April 22, I will be visiting Washington D.C. and the states surrounding it. Can anyone tell me about Gardens to visit.
Definitely go to the National Botanical Gardens, on the Mall, up close to the Capitol Building! Well worth it. Also, if you have time, be sure and go to Longwood Gardens, about 30 miles west of Philly. Down by Frederick, MD is an aquatic gardens, called Lily Ponds that is real nice. While in D.C., take a tour bus out to Pres. Washington's Mount Vernon - very nice period gardens - even have a couple Cedars of Lebenon on the estate. Those are the main ones I know about. Have a great time and let us know what gardens you discover that we don't list!
We are going to the Longwood Gardens in Penn. not far from DC. This garden is on 1,000 acres and is ofter referred to as the Dupont Gardens. A neighbor just returned from there and spent the entire day doing the garden tour. She loaned me the garden tour book. Our trip is planned in late August or early Sept. I can't wait.
Here is a link that might be useful: Longwood Gardens
The gardens at Monticello, the home of Thomas Jefferson, in Charlottesville, VA are awesome, as is the entire site. Also, on the trip there, you could check out Montpilier, the home of James and Dolly Madison, in the midst of horse country. However, due to the dreadful drought, our countryside will not show the best scenic conditions.
One of Washington's best-kept garden secrets is the National Arboretum in N.E. Washington. There's an entrance on R Street just off Bladensburg Road (I think: better check). Metro has just introduced weekend buses from Union Station (popular Red Line subway and train station) to the Arboretum. It's 400+ acres of all kinds of trees, flowers and shrubs. In spring, they're most famous for their exceptional azalea collection. They also have a fabulous bonsai collection and an herb garden that has all kinds of themed herb collections (colonial, pharmaceutical, etc.) Lots of ongoing exhibits and special shows from time to time, and a very nice gift shop on the premises. Check it out anytime of year.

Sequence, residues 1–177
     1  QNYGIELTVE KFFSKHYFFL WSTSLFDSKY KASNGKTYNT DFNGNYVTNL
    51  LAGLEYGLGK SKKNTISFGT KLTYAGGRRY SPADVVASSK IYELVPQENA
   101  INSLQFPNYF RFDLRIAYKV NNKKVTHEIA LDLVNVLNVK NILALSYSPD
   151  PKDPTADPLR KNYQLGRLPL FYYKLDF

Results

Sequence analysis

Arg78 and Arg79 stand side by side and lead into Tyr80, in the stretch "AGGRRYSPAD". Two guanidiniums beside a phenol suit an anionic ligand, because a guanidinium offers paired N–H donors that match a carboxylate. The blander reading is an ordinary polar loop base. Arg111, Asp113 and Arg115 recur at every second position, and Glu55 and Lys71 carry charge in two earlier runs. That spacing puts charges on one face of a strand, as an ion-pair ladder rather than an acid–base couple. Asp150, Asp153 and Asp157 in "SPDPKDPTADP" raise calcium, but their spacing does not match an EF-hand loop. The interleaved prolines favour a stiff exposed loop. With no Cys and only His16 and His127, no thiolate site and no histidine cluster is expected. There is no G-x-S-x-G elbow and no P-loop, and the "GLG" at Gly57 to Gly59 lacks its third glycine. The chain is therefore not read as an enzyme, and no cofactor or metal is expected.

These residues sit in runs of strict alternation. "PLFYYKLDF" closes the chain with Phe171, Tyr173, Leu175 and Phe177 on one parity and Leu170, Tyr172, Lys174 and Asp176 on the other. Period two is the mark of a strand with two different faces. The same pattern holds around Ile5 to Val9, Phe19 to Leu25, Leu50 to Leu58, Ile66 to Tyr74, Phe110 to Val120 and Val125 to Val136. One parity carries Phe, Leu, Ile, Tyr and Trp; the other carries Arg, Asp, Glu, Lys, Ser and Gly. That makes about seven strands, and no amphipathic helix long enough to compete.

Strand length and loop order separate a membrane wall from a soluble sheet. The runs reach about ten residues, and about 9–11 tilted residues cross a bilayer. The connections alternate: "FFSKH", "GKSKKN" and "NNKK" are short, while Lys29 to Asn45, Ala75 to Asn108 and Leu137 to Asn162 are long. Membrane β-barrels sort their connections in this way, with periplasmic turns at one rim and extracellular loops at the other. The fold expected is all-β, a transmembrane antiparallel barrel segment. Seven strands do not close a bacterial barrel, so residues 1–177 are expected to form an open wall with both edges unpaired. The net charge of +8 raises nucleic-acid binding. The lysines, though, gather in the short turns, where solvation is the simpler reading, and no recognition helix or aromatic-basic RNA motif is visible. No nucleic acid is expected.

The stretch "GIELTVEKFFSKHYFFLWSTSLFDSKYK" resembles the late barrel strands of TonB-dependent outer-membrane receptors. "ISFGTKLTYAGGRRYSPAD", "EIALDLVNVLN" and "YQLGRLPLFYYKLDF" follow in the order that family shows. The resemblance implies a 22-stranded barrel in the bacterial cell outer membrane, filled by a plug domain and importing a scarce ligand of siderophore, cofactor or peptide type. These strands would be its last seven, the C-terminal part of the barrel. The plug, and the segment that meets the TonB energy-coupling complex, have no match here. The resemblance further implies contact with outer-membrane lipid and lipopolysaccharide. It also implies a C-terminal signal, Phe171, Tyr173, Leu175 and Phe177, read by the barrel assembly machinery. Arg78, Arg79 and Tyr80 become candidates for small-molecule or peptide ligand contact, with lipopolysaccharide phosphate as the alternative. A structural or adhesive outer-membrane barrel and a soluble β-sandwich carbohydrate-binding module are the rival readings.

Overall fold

I visited Hillwood in DC last month and it is well worth the trip if you can get tickets. Check out their website
(www.hillwoodmuseum.org). Also Ladew Gardens in Monkton MD just north of Baltimore. Brookside Garden in Silver Spring MD near the Glenmont metro stop.
Ben Lomond antique rose garden at Manassas, VA just outside
DC would be gorgeous in spring.
Also, I visit to Dumbarton Oaks in Georgetown should be on your list of gardens to see in D.C.
I loved the gardens at Mt Vernon , and the beautiful gardens at TheNational Cathedral as well.The National Cathedralhas a web page, so you can preview the cathedral and gardens.
Can't believe no one's mentioned Dumbarton Oaks, in Washington (Georgetown area). It was designed by Beatrix Farrand, the first woman landscape architect in America, and is considered her masterpiece. Now owned by Harvard University but open to the public in the afternoons. Stunning. She designed not only the planted spaces but many of the architectural details in the "hardscape" (stonework, balustrades, etc.) Don't miss it.
I second (or third) Dumbarton Oaks--just a beautifully balanced sumptuous garden (and wonderful medieval collections in the museum as well).
Some others to give consideration to while in the Philly area are Winterthur and Chanticleer....both also spectacular next to that of Longwood Gardens (I worked and studied there for two years)...and I almost forgot Morris Arboretum!
A good website to check out for over twenty gardens in that area is http://libertynet.org/gardens
Hey you guys - it is Garden Week in Virginia beginning the week of April 20....I live in California and have attended twice - the whole state celebrates gardening the last week of April every year. There are tours in almost every town - tours of historic sites (all the major historic sites have a special garden day with special exhibits, things for sale, etc.) Also tours of private homes, plantations - both the homes and gardens. It is wonderful....there is a website and a guidebook that is available right now....here is the link: